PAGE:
My Brother The Devil

My Brother the Devil

| March 22, 2013 | 0 Comments

My Brother The Devil is a story about the relationship between two brothers of Egyptian decent set on the tough and ethnically diverse streets of Hackney in London.  Rashid (James Floyd) is the older of the two (probably just out of high school) and runs with a gang dealing drugs and performing other lower level tasks.  Despite his gang allegiance, Rashid has a kind heart when it comes to his family.  He slips money into his mother’s purse and watches out for his younger brother, Mo (Fady Elsayed).

The film opens with Mo riding his bicycle, dressed in his school uniform, to the gym where his brother Rashid is working out.  The camera follows the point of view from Mo’s eyes when his big brother comes out of the gym and pretends to spar with his little brother while Mo circles Rashid with his bicycle.  This is a good way to illustrate how much Mo admires and looks up to Rashid. The camera also displays this in other moments early on in the movie to show how much Mo looks up to and wants to emulate Rashid.

Another example of this is when Rashid’s girlfriend sneaks into the boys’ bedroom.  The camera is positioned above the boys’ bunk beds so the viewer can see both Rashid and Mo. Mo pretends to be asleep, but is listening to the couple whisper about life.  Mo is nearly beaming with pride. However, it is Rashid’s decisions during one summer that test the brother’s relationship and Mo’s admiration for his big brother.

Rashid hadn’t thought of a life other than with his gangster buddies until his friend and fellow gang member AJ (Arnold Oceng) is killed by a rival gang member named Demon (Leemore Marrett).  AJ wanted out of the gang life and had gone on a proper job interview before being killed. This gives Rashid pause as to being a gangster and he ends up befriending a successful photographer who AJ used to deal to named Sayyid (Said Taghmaoui).  Sayyid mentors Rashid, but Sayyid’s sexuality causes Rashid to do some soul searching of his own, while Mo falls in with his brother’s gang, causing a rift in their relationship.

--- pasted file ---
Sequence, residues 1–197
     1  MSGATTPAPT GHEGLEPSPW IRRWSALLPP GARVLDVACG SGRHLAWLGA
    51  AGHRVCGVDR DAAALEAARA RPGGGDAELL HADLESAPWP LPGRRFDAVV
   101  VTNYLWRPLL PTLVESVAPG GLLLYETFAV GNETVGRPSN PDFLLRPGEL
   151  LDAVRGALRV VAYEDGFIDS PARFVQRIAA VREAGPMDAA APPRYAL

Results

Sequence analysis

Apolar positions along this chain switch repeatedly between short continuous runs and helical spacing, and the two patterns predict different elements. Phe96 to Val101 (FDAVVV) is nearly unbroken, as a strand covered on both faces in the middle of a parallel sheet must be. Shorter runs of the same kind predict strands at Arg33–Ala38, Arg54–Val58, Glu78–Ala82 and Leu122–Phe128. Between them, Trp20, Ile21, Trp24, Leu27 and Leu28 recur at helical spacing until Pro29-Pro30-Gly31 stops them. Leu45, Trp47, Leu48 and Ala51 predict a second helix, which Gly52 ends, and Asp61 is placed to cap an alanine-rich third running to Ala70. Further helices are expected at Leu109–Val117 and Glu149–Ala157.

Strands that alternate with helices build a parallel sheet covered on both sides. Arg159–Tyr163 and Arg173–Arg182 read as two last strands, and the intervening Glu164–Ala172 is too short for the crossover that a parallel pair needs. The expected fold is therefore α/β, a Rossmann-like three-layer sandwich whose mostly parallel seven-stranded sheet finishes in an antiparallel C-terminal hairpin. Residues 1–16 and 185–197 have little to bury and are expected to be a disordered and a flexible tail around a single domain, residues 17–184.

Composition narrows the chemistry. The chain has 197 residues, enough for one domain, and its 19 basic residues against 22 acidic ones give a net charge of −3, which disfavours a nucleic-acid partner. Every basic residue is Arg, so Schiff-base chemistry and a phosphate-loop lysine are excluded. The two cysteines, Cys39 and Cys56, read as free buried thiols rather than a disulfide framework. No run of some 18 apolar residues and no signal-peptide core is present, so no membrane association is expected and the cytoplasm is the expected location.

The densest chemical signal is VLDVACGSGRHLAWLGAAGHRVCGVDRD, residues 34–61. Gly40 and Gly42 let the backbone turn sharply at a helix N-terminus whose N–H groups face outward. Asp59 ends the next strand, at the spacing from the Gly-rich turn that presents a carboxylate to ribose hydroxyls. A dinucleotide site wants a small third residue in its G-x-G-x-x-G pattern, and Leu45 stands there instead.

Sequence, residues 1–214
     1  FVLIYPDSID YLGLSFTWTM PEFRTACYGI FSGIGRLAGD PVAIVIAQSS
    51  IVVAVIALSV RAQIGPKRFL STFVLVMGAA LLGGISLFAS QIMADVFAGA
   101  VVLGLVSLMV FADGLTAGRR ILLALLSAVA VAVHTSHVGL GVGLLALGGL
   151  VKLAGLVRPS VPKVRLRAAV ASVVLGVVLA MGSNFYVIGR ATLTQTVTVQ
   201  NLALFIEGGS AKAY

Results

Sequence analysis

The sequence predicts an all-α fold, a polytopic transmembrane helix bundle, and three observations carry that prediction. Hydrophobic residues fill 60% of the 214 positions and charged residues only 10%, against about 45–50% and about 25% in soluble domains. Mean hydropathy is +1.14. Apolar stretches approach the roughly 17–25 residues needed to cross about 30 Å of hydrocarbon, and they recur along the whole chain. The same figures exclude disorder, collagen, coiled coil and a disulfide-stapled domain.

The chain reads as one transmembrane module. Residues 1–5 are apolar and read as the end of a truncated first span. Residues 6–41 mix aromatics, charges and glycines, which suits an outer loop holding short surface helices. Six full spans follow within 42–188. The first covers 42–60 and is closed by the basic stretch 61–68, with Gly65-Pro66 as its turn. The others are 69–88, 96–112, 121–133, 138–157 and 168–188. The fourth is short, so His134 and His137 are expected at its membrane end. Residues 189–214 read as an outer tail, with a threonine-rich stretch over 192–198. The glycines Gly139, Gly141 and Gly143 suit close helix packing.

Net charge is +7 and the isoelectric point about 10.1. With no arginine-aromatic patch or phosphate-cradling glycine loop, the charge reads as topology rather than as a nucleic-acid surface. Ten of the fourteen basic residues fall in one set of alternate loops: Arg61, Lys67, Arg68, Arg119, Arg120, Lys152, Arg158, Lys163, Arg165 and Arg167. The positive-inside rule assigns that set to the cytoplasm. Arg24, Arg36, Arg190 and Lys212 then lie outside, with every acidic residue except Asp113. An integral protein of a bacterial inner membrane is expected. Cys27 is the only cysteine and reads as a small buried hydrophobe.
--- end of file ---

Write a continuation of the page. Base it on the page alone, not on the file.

This film is successful on many levels. It is a multi-layered story involving: family, brothers, and decisions about life and sexuality. Yet, the story is very well paced. One layer does not overwhelm or drown out another. When Rashid is spending time with Sayyid, there are frequent cuts to how Mo is progressing and changing to try to be like the gangster-Rashid he’s been looking up to for so long and not the new-Rashid who sees a life beyond Hackney, yet  never giving up on wanting a better life for his little brother.

The cinematography is patient and thoughtful, despite there being a lot going on (this film won best cinematography at the Sundance Film Festival). The camera watches and viewers will feel invited into this created world like a participant in the decisions which drive the plot forward.

Also important is that viewers will care about the characters.  Rashid may be a drug dealer in a gang, but he makes sure to slip money into his mother’s purse and shows his affection for her.  This way, when things get rocky for Rashid, we root for him because we believe that at his core he has a good heart.  We want things to work out for him, particularly his relationship with Mo.

My Brother The Devil is released beginning March 22, 2013 in New York and beginning April 5, 2013 in Los Angeles.

About the Author:

Chris Wood is an editor in NYC (living in Hoboken, NJ). He has been published in web-based literary magazines that include The Writers Block (http://issuu.com/thewritersblock/docs/issuenumberseven) and The Motley Press (http://www.motleypress.com/mpress/?p=345).
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